No matter what genre you are writing in, your novel has to take place somewhere. In some cases that world is the here and now, a place you and your readers ought to find quite recognizable. In others, you may need to research a less familiar setting. No matter where or when you set a book, though, it is important to remember that every place and time is unique, and that no matter how ordinary an environment seems to you, there are readers who will find it vivid and intriguing–if only you take the time to make it so.
It is all too easy to take the present day for granted, but compare these two fragments:
“Picture a summer stolen whole from some coming-of-age film set in small-town 1950s. This is none of Ireland’s subtle seasons mixed for a connoisseur’s palate, water-color nuances within a pinch-sized range of cloud and soft rain; this is summer-full-throated and extravagant in a hot pure silkscreen blue. This summer explodes on your tongue tasting of chewed blades of long grass, your own clean sweat, Marie biscuits with butter squirting through the holes and shaken bottles of red lemonade picnicked in tree houses. It tingles on your skin with BMX wind in your face, ladybug feet up your arm; it packs every breath full of mown grass and billowing washing-lines; it chimes and fountains with bird calls, bees, leaves and foot-ball bounces and skipping chants, One! Two! Three! This summer will never end. It starts every day with a shower of Mr. Whippy notes and your best friend’s knock at the door, finishes it with long slow twilight and mothers silhouetted in doorways calling you to come in, through the bats shrilling among the black-lace trees. This is Everysummer decked in all its best glory.
In the Woods, Tana French
The rain’s wet Denny’s shirt flat to his skinny back to so the bones of his shoulders and the trail of his spine show through, even whiter than the unbleached cotton material. The mud’s up around the tops of his wooden clogs and spilling in. Even with my hat on, my coat’s getting soaked, and the damp makes my dog and dice all wadded up in the crotch of my wool breeches start to itch. Even the crippled chickens have clucked off to find somewhere dry.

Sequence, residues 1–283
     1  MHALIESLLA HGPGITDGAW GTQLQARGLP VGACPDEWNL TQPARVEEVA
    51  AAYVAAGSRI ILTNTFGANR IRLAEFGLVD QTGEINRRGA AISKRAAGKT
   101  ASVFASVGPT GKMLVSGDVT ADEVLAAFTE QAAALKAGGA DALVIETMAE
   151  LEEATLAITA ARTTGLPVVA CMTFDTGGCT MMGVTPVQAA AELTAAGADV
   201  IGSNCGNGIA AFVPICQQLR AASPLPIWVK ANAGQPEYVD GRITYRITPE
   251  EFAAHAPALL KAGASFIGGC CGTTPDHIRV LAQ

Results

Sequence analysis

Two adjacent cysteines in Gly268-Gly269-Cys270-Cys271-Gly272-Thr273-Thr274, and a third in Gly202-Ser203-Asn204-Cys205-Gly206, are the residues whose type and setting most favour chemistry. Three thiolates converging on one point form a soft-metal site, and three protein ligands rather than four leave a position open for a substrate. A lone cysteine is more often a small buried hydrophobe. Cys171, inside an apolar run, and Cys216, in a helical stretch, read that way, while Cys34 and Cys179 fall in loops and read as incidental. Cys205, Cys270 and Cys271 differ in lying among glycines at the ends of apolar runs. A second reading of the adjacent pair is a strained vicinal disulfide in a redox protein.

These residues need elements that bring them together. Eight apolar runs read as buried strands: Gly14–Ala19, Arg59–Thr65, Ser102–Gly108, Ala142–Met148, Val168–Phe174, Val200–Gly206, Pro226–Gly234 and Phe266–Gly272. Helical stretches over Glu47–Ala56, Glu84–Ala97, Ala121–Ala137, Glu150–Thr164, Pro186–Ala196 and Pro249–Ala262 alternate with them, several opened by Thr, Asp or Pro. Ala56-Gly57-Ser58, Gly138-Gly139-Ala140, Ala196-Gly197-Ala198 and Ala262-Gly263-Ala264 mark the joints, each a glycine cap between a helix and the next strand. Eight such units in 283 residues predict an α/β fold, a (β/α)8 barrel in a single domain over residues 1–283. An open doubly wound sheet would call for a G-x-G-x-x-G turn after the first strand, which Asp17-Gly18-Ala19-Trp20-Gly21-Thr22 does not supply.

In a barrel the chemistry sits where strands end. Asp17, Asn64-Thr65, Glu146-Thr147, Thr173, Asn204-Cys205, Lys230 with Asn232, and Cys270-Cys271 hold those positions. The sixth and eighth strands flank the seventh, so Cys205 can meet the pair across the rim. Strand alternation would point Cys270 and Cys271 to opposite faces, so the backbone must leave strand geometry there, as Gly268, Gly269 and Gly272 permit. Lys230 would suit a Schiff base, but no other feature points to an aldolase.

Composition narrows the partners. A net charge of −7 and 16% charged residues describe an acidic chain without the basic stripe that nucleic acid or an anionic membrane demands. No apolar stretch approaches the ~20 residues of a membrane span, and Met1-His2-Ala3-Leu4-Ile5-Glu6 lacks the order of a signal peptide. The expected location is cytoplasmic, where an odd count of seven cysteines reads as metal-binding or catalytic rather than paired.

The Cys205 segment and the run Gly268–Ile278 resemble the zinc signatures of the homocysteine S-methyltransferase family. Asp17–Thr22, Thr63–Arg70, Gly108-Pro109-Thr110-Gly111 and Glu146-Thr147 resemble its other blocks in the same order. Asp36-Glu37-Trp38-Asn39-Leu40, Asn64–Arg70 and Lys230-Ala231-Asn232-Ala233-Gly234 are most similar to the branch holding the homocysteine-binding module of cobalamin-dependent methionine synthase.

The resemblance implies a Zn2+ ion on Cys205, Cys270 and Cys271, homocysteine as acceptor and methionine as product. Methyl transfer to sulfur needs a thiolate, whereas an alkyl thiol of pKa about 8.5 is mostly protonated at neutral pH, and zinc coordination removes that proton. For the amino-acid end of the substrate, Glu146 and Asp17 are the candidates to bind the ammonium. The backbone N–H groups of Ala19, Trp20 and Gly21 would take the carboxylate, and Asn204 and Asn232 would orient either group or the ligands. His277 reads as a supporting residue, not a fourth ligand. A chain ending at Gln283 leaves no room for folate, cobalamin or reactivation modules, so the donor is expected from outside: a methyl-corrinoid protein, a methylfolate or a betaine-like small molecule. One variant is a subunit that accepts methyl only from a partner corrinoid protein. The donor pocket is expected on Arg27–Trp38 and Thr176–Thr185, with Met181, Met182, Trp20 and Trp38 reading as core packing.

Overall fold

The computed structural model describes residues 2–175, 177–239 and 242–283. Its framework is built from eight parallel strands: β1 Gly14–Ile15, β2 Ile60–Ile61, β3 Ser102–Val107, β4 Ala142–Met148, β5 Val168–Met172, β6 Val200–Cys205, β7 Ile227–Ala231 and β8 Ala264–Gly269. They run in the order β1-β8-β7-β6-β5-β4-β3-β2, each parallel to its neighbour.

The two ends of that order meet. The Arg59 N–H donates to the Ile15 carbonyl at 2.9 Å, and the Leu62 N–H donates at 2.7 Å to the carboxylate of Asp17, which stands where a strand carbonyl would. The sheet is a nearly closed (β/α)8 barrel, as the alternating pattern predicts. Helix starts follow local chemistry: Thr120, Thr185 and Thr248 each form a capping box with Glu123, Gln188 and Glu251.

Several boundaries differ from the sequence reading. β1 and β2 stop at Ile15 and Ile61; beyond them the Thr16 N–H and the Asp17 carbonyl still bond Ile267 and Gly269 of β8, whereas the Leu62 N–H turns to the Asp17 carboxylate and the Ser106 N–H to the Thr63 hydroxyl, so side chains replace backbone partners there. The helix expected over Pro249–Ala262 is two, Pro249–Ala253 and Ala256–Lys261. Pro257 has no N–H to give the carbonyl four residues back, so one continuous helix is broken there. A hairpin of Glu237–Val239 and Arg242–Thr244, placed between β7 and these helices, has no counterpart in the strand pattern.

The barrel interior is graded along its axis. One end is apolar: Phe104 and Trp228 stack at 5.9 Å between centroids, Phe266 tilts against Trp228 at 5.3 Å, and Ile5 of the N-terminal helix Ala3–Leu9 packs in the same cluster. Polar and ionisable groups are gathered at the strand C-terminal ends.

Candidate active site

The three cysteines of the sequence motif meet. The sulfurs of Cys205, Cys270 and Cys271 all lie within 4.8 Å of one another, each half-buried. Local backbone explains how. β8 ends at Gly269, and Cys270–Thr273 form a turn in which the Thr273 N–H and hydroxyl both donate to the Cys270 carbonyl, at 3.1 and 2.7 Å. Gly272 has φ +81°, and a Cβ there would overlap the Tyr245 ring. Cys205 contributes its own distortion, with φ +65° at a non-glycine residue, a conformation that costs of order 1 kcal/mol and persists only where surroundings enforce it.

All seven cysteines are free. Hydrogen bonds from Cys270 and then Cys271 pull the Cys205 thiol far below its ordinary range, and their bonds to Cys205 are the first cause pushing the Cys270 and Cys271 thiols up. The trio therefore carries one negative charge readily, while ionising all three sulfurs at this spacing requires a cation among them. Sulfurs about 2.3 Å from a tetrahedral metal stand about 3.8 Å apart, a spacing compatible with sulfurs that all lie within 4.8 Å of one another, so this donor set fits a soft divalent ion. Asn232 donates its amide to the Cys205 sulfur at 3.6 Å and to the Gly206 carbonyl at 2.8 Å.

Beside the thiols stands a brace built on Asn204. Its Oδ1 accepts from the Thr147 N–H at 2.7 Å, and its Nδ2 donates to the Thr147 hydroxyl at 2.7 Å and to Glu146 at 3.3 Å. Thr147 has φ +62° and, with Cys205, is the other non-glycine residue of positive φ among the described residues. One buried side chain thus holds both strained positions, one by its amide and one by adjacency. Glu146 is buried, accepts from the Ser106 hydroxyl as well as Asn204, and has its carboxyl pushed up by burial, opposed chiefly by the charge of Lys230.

Choke, Chuck Palahniuk
Both of these novels take place in the present day, and both evoke the past as a means of anchoring writers in the present. But they couldn’t be more different. French evokes the romance of an Irish summer; Palahniuk the grim reality of a U.S. historical theme park on an especially dismal day. Despite the fact that they theoretically take place within the same world and timeframe, it is hard to imagine Denny and Victor running loose in the bright backyards of French’s Ireland.
Rather than letting your setting work as a simple, perhaps even generic background for your characters, think of it as the stage on which your novel takes place–and remember how much work goes into designing stages in theater and film. A good set is designed in detail, built from the ground up and carefully ‘dressed’ with objects and spaces that allow the characters and the audience to fully explore the world they move through. In a similar fashion, a well-rendered setting can amplify your theme, enhance mood, add new dimensions to a character’s plight, provide ‘props’ for the action, and even take on character traits of its own. More importantly, setting is where your readers ‘go’ when they enter your fiction. Writing transports readers out of their daily lives and into new realms. . . and, indeed, you will hear from many people that this experience is exactly what they are looking for when they pick up a novel.